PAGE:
Lessons Learned From Branch Rickey

You may not have heard of Branch Rickey, but he was a very important person in baseball history; as well as in US history.

65 years ago on this date, Rickey signed Jackie Robinson to a minor league contract with the Brooklyn Dodgers. In so doing, he broke through baseball’s color barrier.

Given the date, I decided to look into what else we could learn from Rickey since he clearly taught the baseball world a very important lesson.

Here are a couple of quotes from Rickey, along with my thoughts on how to apply them:

If things don’t come easy, there is no premium on effort. There should be joy in the chase, zest in the pursuit.”

  • My take: Rickey clearly showed that you shouldn’t always follow the easy road or give in to the status quo. But this quote also demonstrates how powerful and energetic it can be to strive for a goal. That’s why it’s critical for leaders to identify and communicate a clear and compelling vision — infusing this passion into every employee.

The man with the ball is responsible for what happens to the ball.”

  • My take: You need to prepare and train to do whatever needs to get done when the ball is in your hands. Whoever is dealing with a customer has to understand that they are the company; there’s noone else responsible for that relationship at that moment in time. And, you only get one chance to do the right thing on that play.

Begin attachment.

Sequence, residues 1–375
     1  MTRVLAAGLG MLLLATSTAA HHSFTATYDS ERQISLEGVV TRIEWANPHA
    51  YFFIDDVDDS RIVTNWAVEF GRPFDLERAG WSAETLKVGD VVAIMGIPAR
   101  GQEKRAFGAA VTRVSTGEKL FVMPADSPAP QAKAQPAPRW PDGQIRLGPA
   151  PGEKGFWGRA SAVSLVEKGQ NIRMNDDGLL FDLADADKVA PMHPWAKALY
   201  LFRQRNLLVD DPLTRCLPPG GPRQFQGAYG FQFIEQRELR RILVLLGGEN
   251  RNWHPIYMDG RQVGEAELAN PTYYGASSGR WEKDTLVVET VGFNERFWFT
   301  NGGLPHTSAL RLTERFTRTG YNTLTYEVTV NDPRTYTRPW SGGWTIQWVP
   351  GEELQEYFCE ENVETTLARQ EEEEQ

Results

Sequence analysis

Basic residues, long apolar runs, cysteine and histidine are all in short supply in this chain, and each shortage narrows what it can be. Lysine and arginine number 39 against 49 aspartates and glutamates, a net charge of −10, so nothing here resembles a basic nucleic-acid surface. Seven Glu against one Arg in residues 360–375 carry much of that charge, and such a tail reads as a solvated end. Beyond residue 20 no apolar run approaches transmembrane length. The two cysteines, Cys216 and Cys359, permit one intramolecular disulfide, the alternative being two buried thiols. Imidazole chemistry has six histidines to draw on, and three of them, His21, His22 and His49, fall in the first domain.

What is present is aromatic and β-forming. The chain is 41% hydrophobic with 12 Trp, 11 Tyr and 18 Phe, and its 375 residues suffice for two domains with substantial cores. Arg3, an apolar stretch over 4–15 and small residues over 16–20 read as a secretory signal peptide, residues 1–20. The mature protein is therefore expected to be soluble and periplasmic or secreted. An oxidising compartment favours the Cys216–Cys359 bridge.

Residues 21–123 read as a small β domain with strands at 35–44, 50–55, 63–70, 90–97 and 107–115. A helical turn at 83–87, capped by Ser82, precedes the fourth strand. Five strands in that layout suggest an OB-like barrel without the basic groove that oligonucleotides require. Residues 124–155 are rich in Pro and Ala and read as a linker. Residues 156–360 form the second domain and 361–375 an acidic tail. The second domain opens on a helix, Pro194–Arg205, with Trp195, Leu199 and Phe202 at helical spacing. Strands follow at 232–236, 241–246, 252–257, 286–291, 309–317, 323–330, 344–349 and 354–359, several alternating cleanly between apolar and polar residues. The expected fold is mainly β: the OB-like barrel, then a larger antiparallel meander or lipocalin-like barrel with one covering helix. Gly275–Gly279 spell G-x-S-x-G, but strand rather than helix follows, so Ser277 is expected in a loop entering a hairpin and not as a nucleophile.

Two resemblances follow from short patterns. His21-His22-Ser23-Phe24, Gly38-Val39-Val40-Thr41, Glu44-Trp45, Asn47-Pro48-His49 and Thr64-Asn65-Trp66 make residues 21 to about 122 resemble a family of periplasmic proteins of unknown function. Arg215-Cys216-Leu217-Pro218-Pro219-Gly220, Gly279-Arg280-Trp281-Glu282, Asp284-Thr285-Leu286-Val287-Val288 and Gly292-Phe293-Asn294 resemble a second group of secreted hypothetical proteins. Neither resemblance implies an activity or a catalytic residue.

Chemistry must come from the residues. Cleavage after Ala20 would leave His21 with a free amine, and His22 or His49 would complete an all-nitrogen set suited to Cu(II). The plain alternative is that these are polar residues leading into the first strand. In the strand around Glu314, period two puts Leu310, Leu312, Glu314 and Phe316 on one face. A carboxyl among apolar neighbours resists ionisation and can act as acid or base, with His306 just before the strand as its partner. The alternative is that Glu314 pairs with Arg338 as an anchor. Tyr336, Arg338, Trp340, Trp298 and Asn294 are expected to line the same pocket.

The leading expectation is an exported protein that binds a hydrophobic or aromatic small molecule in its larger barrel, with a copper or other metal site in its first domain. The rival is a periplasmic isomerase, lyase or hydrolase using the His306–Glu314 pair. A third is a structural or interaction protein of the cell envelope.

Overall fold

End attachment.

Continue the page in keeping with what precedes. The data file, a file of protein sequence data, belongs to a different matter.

The bottom line: Thank you Branch Rickey.

Written by 

I'm an experience (XM) management catalyst; helping organizations improve results by engaging the hearts and minds of their employees, customers, and partners. I enjoy researching and speaking about leading-edge XM topics. I lead the Qualtrics XM Institute, which is the world's best job. We're igniting a global community of XM Professionals who are inspired and empowered to radically improve the human experience. To achieve this goal, my team focuses on thought leadership, training, and community building. My work is driven by a set of fundamental beliefs: 1) Everything starts and ends with human beings, so you need to understand how people think, feel, and behave; 2) XM is a discipline that needs to be woven throughout an organization's entire operating fabric; and 3) Building the XM discipline requires a combination of culture, competency, and technology.

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